About the Stuff Inside
Inside the case is a large printed-circuit assembly called the
motherboard. On the motherboard are sockets for the processor
(the actual "thinking" part), the Random Access Memory (RAM), and basic
controllers for disks, video, usually audio, and general-purpose
interfaces such as USB and Ethernet. There may be a Firewire interface
Often, the processor generates so much heat that it needs to sit on
a "heat sink", essentially a radiator that is usually copper with
cooling fins, but, on some computers, actually has cooling fluid pumped
through it. The latter is unlikely to be needed on boat computers. You
will, however, almost certainly need a fan directly over the CPU, and
one or more fans on a chassis.
Beachwerks specifies a computer that will run in a boat cabin in the
summertime, we consider that it can get quite hot in there, and we may
specify more fans than the typical store computer. This is a very cheap
additional safety feature. You do need to make sure the air vents into
and out of the case are not blocked, and that the vent pulling in air
is not pulling it over a hot appliance.
We never want to hear about things hitting the fan on computers we support. :-(
Slots for add-on equipment
Most commercial desktop/tower computers will come with one Ethernet
and at least four USB outlets. Laptops may only have two. More USB
outlets are highly recommended. Since a damaged connector in the main
body of a laptop can be a very expensive repair, it is often wise to
plug a short USB extender cord into the computer connection, and then
plug devices into the other end. This minimizes the mechanical stress
on the laptop connector.
If you expect to use audible alarms, verify that the
motherboard of the computer supports speaker attachment, or you will
need an additional sound card.
It is wise to have a PCI or PCI-E slot for an add-on video card if
expect to be running 3D displays. If you use multiple displays, each
will need a video card or a video interface from the motherboard.
Putting additional video processing into a laptop may not be possible.
your computer is acting as a chartplotter, logger, VMS, etc, you are
going to need someplace to store the data involved. There are
several ways to set up disks, depending on your applications and your
needs both for data backup and possibly taking files and software to a
For boat purposes, assume that all your software and data will fit on a
single hard drive, but you may want additional hard drives for backup.
There may be case-by-case reasons not to do this, but let's talk before
making that assumption
Think of two broad types of hard disks: those that have to be internal
to a computer, and those that can be external. External drives can be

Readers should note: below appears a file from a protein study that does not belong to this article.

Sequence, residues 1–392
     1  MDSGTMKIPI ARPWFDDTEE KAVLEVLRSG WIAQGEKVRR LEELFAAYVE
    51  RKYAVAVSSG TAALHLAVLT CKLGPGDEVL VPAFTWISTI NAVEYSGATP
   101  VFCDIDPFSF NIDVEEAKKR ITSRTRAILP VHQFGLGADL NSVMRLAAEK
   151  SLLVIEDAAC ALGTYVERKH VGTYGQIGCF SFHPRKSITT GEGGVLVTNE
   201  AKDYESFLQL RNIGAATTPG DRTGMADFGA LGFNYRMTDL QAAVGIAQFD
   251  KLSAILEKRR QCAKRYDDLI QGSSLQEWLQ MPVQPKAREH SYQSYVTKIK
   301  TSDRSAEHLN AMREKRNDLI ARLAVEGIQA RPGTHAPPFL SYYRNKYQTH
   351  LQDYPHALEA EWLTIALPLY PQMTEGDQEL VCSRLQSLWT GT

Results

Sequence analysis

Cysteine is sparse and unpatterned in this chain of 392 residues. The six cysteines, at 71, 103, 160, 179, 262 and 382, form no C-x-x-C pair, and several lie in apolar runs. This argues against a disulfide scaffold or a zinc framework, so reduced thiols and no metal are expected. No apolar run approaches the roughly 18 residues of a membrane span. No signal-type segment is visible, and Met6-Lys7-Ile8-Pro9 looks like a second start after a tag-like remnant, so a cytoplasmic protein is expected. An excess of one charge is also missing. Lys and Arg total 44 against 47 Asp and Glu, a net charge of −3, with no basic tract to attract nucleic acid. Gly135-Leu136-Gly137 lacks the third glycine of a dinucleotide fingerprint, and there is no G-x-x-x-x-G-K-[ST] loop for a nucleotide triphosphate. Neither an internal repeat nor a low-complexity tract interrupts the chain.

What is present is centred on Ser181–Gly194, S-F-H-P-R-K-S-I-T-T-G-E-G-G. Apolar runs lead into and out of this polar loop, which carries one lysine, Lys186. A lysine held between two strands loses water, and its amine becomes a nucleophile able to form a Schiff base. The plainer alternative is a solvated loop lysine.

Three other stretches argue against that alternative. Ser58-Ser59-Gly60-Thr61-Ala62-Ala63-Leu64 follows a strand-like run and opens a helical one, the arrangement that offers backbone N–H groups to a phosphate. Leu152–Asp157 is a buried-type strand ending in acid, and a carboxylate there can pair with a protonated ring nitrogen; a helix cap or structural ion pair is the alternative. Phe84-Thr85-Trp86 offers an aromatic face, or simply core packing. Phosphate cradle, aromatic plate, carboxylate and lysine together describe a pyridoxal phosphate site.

taken ashore with you if they have a backup copy of your data. Assuming
that you don't have a wireless way to transfer files (see backup), an
external hard drive is a good way to share data, if, for example, you
do your business records at home and need to take boat records to the
If you are sharing data, then think of the storage requirement on both
computers, so their disks can keep backup copies of each other,
possibly with the external drive, or a wireless link, serving to carry
the changes back and forth.
Whenever things are flowing among several computers, especially if any
of them are used for general connections to the Internet or searching
the Web, be very, very sure that all of the computers have adequate
security software. All the backup copies in the world won't help if one
of the computers catches something bad, such as a worm or virus, and
that computer disease gets copied to all the other computers, ruining
the data on all of them. We have a separate discussion about keeping
disks healthy; "malware" such as viruses and worms aren't the only
thing that can go wrong.
The two main kinds of internal drive are SATA and IDE. SATA has two
flavors, serial and parallel. We will select the best technology
available at the time if we build your computer. In general, however, a
disk with around 80 gigabytes (GB) of storage is adequate, unless you
are going to save a lot of graphics (charts, video pictures, etc.).
Disks are getting cheaper and cheaper for the samer amount of storage;
a 320 GB drive costs what a 40 GB drive cost a short time ago. Big
isn't always good; it can be slower to back up or repair a bigger disk.
We have a study underway that will give a more specific idea of storage
needs for specific applications, such as a track in Windplot II and
other chartplotters. It's possible to have multiple internal
drives, possibly using an automatic backup technique called RAID. Most
often, multiple internal disks are of the same flavor, and the first
connects to the motherboard, the second to the first, and so on.
Whether internal or external, look for two factors that govern
efficiency: rotational speed and buffer size. Get a disk that rotates
no more slowly than 7200 RPM, and has a buffer of at least 8 megabytes
Drives that can be carried away and plugged into another computer will
principally be USB 2.0 (1.0 and 1.1 are too slow for disks) or
Firewire. Again, if we are building a system for you, we'll watch the
requirements about the best place for them to connect, and the most
cost-effective at the time. If the motherboard has Firewire and so do
your other computers, it may be the simplest to use without watching
performance issues. USB 2.0, however, can be roughly as fast, but be
sure that the USB cable for the disk plugs directly into the
motherboard or to a supplemental USB card on the computer.
And where do I get the electricity for this, you ask?